Print is moving forward slowly but surely in color management

Idealliance India G7 training and certifi cation in Mumbai – 20 to 23 September 2016


IPPStar has been involved in three surveys including one with the Rochester Institute of Technology (RIT) that looked at the leading Indian offset printers’ awareness and use of
color management. A more recent survey by another organization vindicated IPPStar’s training activity and pointed out that amongst its respondents, only 17% use color management. This means that there is a huge opportunity for improvement in quality, print optimization, standardization and cost saving for printers that want to have a combination of excellence while saving time and cost.

I have hardly visited any printer in recent years who does not at least have an Epson inkjet proofer and many if not most seem to have a densitometer as well. But what are they doing with these? For my generation of color printers (we did not have the technology available today) it would be a no-brainer to use these printers for proofing, color matching and for print buyers to sign off on. However, when I recently spoke to a friend who sells inkjet proofers, he said that offset printers no longer believe in proofing since it is a cost centre.

The Indian print industry has always had its leaders who are ahead of the rest and who are keen to opt for color reproduction excellence. Often, they make it look like an art but what they practice is science — they print by numbers. Nevertheless, when I spoke to a quality printer who I have known for 30 years about the upcoming G7 Professional and Expert training in Mumbai (20 to 23 September), he said, “In a way customers have become more reasonable. They don’t come to the press for approval on press. They do not nit-pick or try to fine tune the details. They simply make sure that the brand colors are right and that the visuals are correct or pleasing overall.” This is an offset and digital printer who has best practices and color management using measurement. His press is actually quite standardized.

There is no denying the overall quality improvement in color print reproduction in India. Our newspapers are the largest members of the IFRA quality club outside Germany. This may be a reflection of the improvements in digital prepress technology including the use of computer to plate devices, better quality inks, paper and multicolor presses. I always give a lot of credit to the print buyers and especially the advertising agencies, that at least in the past, drove print quality.

On the packaging side, the brand owners and the packaging designers and purchasers should be driving quality optimization and in many cases they do. They should be keen to protect the brand and their packaging quality across regions, products across labels, cartons, flexible pouches, corrugated and even the signage and POP displays that their products are associated with.

Some of the leading global brands present in India are already doing this — they are moving away from the approval of LSD (light, standard and dark) shade cards to specifying print quality in numbers. They specify target colors in numbers and allow measurable tolerances in terms of Delta E — the difference between the target and the color that has been reproduced and measured by a spectrophotometer. Some global brands in India are insisting that you send sheets from the run for measurement to their quality assurance department or agency.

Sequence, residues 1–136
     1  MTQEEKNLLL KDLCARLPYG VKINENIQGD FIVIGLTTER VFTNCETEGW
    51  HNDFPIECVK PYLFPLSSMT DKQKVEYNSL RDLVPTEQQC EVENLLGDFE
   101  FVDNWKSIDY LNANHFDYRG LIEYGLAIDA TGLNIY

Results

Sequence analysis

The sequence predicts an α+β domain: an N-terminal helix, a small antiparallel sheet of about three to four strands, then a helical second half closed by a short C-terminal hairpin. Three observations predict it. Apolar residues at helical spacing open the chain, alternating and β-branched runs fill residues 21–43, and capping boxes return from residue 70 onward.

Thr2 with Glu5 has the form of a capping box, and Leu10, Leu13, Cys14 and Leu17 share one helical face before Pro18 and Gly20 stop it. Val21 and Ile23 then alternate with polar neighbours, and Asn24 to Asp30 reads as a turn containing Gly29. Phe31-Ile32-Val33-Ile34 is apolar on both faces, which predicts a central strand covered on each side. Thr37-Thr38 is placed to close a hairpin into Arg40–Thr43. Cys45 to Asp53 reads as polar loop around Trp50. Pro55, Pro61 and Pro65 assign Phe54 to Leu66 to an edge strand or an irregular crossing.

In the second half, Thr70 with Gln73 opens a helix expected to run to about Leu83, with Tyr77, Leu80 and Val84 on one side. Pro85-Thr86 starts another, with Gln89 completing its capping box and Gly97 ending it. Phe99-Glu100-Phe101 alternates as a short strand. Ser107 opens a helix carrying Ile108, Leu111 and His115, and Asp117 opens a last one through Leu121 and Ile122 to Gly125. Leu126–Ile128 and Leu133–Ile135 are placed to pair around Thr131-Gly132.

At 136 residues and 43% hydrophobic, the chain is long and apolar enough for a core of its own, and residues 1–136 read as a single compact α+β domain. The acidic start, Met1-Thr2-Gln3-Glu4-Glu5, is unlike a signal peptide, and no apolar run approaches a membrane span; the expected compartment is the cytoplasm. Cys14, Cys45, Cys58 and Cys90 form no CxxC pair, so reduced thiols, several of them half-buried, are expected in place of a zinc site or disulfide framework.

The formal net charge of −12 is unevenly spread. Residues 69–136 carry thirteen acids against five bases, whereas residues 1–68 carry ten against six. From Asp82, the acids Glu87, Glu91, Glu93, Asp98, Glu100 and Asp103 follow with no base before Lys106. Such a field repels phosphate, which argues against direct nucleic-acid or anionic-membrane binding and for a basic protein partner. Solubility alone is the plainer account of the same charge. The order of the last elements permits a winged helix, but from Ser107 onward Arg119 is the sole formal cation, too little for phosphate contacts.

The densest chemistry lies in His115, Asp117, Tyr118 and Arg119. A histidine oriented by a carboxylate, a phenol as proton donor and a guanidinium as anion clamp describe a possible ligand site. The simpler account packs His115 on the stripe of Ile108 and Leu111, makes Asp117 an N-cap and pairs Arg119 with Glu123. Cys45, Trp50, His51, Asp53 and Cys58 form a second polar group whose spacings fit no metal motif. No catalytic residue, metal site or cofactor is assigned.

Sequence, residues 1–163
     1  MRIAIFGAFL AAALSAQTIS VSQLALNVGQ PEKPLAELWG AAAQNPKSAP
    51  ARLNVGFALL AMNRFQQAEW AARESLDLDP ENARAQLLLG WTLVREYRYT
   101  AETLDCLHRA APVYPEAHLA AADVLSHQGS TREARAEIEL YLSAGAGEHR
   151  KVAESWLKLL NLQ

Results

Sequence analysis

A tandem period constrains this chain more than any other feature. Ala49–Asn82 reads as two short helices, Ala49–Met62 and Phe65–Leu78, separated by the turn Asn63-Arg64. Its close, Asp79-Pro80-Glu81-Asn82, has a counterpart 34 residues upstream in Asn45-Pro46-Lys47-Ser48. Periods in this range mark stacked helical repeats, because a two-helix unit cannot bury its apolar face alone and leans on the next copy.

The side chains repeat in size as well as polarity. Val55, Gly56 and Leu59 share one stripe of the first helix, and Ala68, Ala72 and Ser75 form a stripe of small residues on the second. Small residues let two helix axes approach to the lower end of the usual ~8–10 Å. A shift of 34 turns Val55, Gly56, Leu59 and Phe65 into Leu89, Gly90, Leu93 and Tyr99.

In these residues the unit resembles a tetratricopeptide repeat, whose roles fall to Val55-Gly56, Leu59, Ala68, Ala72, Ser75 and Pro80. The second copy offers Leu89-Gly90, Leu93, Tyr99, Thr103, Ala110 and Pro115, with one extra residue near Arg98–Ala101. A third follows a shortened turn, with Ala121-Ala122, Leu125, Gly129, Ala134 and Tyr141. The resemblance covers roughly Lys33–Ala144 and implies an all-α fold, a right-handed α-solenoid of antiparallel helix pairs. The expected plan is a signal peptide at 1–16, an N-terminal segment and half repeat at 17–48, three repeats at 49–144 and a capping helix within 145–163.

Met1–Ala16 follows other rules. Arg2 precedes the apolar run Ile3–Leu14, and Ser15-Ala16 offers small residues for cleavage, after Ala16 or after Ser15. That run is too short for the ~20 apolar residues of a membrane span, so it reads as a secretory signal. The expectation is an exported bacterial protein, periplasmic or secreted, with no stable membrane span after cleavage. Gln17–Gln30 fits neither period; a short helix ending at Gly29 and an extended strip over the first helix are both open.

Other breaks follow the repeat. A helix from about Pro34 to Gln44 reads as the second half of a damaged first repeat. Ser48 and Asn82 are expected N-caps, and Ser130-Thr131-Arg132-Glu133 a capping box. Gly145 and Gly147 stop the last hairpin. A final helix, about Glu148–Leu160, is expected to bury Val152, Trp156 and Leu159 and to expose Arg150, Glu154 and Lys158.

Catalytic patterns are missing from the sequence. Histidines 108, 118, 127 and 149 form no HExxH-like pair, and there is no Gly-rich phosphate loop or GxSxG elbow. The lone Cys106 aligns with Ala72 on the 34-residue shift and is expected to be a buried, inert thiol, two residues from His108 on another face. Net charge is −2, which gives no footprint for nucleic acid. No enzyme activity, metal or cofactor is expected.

I have always pushed to the future and I believe that the industry has responded — the leaders have always been few but nowadays I find an increase in the number of new players who believe in quality and standardization and in leadership itself. When I am in fact pushing the Idealliance India G7 Training and Certification programme in Mumbai from 20 to 23 September 2016 to be conducted by Steve Smiley, a confident expert in offset, digital, flexo and gravure, I have to repeatedly answer the question raised by my printer friend. Actually there is no answer until the brand owners and print buyers wake up to the possibility of using G7 method for better color communication and standardization as a practical way of quality optimization and reducing print waste. This is sustainable — unlike ideas of cheapening the substrate and reverse auctions for lowering prices.

Remember that leading printers when they got FSC certification or improved MIS software did this because they knew it was the future and they wanted to be ready not because the brand owners and print buyers asked for these. They just invested in these because they wanted to be ready. Do you want to be ready for your customers? Why not save money even before they ask by training and certifying your color production technicians right here in Mumbai. Why not invest in your human capital before the next technical and social audit. But do it before the seats run out in Mumbai.  There only a few seats left by the time you read this. Nevertheless make the effort and give me a call.  – Naresh Khanna,

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– Naresh Khanna

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Editor of Indian Printer and Publisher since 1979 and Packaging South Asia since 2007. Trained as an offset printer and IBM 360 computer programmer. Active in the movement to implement Indian scripts for computer-aided typesetting. Worked as a consultant and trainer to the Indian print and newspaper industry. Visiting faculty of IDC at IIT Powai in the 1990s. Also founder of IPP Services, Training and Research and has worked as its principal industry researcher since 1999. Author of book: Miracle of Indian Democracy.